Almost every hospital in opposition-held areas of northern and southern Syria were attacked at least once last year, and some medical facilities were hit as many as 25 times, according to a report released Sunday.
The Union of Medical Care and Relief Organizations (UOSSM), an independent humanitarian organization, in December surveyed 107 of the 130 hospitals and medical facilities documented in Aleppo, Idlib, Latakia, Hama, Daraa, Quneitra and Homs. The organization found that all 107 had been hit at least once with a direct or indirect strike. The average facility had been attacked three times.
Seventy-five percent of the medical facilities were located in schools, government buildings and other spaces that weren?t originally designed as hospitals, the survey found. Four hospitals were established in caves to help protect patients and doctors from airstrikes.
The new survey?s findings are consistent with reports from humanitarian organizations like Physicians for Human Rights and Amnesty International, as well as from international organizations like the United Nations, that found Syrian government forces and their allies have violated international law by deliberately and systematically targeting medical facilities.
The tactic was on display again last week.
Officials with the Syrian Civil Defense, also known as the White Helmets, told Al Jazeera that several people were wounded on Sunday evening when air strikes targeted the main hospital in Maaret al-Numan in Idlib province.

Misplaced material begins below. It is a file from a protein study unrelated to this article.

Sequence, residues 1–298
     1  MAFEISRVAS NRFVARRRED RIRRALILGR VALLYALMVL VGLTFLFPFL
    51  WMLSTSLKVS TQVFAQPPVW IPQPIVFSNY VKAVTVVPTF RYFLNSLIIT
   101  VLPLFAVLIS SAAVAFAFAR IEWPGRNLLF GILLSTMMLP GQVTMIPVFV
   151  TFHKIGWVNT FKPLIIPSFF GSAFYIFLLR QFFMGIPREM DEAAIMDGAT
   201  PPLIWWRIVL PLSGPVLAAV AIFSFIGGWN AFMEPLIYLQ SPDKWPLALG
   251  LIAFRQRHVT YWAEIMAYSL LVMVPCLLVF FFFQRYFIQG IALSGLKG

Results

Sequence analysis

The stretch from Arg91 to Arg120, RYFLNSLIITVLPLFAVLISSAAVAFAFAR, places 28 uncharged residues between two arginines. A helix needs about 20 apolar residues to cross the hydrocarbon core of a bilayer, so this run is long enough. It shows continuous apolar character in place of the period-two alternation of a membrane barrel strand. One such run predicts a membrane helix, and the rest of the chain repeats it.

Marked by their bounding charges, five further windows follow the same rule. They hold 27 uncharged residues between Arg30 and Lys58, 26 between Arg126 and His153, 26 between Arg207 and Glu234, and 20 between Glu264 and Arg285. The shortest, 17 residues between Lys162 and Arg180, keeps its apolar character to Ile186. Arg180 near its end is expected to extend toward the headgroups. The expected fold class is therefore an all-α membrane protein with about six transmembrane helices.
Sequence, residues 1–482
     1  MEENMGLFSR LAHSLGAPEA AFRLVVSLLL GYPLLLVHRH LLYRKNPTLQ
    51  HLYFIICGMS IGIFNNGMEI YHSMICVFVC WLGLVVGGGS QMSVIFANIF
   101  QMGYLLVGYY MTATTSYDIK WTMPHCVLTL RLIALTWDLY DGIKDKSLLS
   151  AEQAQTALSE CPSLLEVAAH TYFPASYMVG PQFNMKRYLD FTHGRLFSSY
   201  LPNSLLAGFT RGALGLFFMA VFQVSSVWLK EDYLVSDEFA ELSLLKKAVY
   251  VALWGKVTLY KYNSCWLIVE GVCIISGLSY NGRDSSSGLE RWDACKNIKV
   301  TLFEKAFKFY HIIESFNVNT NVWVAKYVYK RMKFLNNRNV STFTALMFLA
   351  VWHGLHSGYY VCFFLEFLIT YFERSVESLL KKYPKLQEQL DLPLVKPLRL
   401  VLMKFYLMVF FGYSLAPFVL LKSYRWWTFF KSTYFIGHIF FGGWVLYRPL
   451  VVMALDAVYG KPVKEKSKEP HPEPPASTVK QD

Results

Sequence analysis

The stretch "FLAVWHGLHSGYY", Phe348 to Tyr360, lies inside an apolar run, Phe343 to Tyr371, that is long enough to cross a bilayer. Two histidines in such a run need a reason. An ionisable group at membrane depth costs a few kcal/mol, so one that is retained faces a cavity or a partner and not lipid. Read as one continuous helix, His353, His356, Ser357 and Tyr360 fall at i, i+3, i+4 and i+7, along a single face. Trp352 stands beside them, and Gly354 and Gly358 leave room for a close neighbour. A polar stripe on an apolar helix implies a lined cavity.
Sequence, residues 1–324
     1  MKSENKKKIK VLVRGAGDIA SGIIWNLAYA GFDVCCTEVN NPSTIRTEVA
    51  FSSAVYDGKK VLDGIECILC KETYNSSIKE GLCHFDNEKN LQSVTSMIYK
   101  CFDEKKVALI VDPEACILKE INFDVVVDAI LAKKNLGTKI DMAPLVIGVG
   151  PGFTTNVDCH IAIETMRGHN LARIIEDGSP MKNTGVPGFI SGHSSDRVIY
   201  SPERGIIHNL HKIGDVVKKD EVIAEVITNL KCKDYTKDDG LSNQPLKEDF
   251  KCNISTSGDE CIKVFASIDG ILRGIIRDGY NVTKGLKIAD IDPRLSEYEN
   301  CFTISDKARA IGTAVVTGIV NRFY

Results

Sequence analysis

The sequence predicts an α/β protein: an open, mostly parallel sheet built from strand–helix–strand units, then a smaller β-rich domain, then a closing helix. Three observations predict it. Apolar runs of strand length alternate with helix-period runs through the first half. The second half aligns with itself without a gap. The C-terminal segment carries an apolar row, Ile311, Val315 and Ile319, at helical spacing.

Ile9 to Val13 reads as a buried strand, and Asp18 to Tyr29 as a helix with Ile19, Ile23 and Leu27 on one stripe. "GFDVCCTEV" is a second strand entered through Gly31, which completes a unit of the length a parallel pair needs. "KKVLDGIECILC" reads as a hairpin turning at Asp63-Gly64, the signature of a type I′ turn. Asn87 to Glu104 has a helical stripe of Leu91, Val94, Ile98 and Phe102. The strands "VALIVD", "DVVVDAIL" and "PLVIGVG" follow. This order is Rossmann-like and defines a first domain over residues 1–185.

Two days earlier, the international medical organization Doctors Without Borders reported that at least one surgeon and one patient had been killed by air strikes hitting the entrance of the Latamneh hospital in Hama province on March 25. The organization said in a statement that survivors showed symptoms consistent with an attack using chemicals.
Fighting in Hama has intensified recently. The attack on the Latamneh Hospital was one of two on medical facilities in the region that week, according to Physicians for Human Rights. A medical point in Kafar Naboudah came under rocket fire on March 28, forcing it to close down.
?What we?re seeing in Hama governorate is an extension of a gruesome pattern of attacks against medical facilities and personnel across the country,? Elise Baker, PHR?s lead Syria researcher, said in a statement. ?As we?ve seen throughout the conflict, as fighting intensifies and the need for medical care grows, hospitals and other medical facilities come under increasing attack. These attacks are a merciless and illegal approach to warfare that amount to war crimes.?
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